Bikers from across the UK and abroad will lead tributes to murdered soldier Lee Rigby today , a year after he was hacked to death by two Islamist fanatics.
The riders, including current and former British military personnel, will gather in Greenwich in south east London before travelling to Woolwich Barracks, where Fusilier Rigby was stationed, for a memorial service.
It will be led by the Rector of Woolwich, Reverend Jesse van der Valk, and will include a message written by the young serviceman’s mother, Lyn Rigby.
Organiser Julia Stevenson, who will read Mrs Rigby’s words, said: “The Lee Rigby ride is about a single soldier, brutally cut down not on the battlefield but on the streets of London.
“In the act of riding through Woolwich on the anniversary of his death we are expressing the admiration and respect we all share for our armed forces.
“As we ride we will remember Lee, and our thoughts will be for his family at this difficult time, and his regiment. We will proudly represent a nation who was moved by this tragedy by riding as one.”
Fusilier Rigby’s brutal murder sparked shock across the country after he was run over in a car and then hacked to death by British Muslim converts Michael Adebolajo and Michael Adebowale on May 22 last year.
The 25-year-old father-of-one, who had previously served in Afghanistan, was stationed in Woolwich, working as a recruitment officer, when he died, and also performed duties at his regiment’s headquarters at the Tower of London.
A lead group of bikers plan to ride from Greenwich Park, past the scene of the murder and up to the barracks’ parade ground, from where they will march to the main gates, where the ceremony will be held.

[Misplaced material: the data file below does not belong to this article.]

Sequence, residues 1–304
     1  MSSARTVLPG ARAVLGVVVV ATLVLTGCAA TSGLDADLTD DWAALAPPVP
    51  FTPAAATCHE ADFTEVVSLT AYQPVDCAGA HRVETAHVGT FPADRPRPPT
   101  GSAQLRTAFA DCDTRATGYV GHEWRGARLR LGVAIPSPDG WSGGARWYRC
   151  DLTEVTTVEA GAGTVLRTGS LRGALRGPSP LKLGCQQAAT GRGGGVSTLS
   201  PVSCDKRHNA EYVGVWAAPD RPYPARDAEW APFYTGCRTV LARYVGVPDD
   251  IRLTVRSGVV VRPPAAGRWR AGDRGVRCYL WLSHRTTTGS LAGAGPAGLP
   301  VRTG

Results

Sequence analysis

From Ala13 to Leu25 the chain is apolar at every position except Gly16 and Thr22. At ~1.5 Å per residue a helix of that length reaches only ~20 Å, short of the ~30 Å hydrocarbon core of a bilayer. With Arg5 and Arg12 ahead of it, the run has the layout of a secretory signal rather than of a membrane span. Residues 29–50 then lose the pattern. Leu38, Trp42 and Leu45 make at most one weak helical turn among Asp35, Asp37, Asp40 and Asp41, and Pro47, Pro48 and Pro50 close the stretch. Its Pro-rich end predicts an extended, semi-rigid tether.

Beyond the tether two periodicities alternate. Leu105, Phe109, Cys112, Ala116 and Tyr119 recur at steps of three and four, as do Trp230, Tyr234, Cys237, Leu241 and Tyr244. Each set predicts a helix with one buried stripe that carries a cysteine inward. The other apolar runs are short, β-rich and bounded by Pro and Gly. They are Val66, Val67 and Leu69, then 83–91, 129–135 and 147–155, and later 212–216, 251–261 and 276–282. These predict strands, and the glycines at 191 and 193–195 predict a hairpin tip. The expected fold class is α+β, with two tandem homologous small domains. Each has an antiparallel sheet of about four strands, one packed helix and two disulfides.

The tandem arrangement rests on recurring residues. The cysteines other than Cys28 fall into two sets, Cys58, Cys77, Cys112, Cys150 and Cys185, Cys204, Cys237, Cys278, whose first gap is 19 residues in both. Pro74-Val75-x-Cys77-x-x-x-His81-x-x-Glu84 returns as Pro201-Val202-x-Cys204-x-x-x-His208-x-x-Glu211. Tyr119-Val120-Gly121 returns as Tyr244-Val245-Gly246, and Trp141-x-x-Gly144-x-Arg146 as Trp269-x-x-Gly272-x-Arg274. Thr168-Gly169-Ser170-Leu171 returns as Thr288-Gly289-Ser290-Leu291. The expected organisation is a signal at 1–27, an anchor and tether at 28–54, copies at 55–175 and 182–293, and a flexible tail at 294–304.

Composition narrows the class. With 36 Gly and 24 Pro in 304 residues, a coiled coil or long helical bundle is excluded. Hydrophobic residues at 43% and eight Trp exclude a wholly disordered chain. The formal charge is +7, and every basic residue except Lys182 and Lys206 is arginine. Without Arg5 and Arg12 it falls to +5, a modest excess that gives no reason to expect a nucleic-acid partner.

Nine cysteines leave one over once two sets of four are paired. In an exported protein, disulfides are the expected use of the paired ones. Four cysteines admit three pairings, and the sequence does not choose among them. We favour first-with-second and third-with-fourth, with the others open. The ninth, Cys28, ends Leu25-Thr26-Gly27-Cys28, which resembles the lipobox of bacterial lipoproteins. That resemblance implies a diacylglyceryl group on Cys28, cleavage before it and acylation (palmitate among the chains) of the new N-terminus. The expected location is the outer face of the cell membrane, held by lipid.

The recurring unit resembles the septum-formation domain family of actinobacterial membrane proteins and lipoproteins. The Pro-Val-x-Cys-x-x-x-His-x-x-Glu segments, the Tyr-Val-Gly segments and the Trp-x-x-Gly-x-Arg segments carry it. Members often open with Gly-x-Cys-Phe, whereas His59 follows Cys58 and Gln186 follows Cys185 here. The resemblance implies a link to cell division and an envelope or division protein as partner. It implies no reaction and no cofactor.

The rest of the bikers will ride past the barracks as the memorial event takes place.
Mr van der Valk is expected to say: “Let us dedicate ourselves to always remember our friend and brother and loved one and soldier, Drummer Lee Rigby, whose life was cruelly taken away in this place in the service of his country.”
A wreath will be laid and the Last Post played, and a group of Sikh drummers will perform.
Supporters are expected to travel from around the UK as well as Germany, Belgium and France. No official event is planned at the barracks itself, or on behalf of the Ministry of Defence.
Adebolajo was told he will spend the rest of his life behind bars while Adebowale was given a minimum jail term of 45 years for the horrifying attack.
Mr van der Valk said: “A year ago people were totally shocked, angry and upset about what had happened and obviously they wanted justice to take its course, which it has done.
“Today will be remembering Lee Rigby himself. Lee Rigby was a young person, he was a member of the armed services, but what happened to him seemed random.
“We want to celebrate and give thanks for his life and show that Lee Rigby will not be forgotten and what happened to him won’t be forgotten.
“It’s an opportunity for us to stand alongsige Lee Rigby and the other members of the armed services, and his family and friends.”
The clergyman backed calls for a permanent memorial to the young soldier in Woolwich, which has so far been rejected by the local authority.
The Royal Borough of Greenwich said it had been told by the Army that the Rigby family did not want a permanent memorial in Woolwich, while local Labour MP Nick Raynsford claimed it could attract extremists.
Mr van der Valk said: “I know that many people in the community feel there should be a memorial for Lee Rigby.
“It wouldn’t attract right-wing extremists, it would just give an opportunity to show that we haven’t forgotten Lee Rigby and we want to remember him.
“This is probably the worst event in the history of Woolwich but at the same time we do want to remember Lee Rigby.”
He said he felt “disappointed” that the three women who confronted Fusilier Rigby’s killers, dubbed the Angels of Woolwich, have not received George Medals for their bravery.
“People who acted positively on the day and with courage and compassion for Lee Rigby should be recognised,” the community leader said.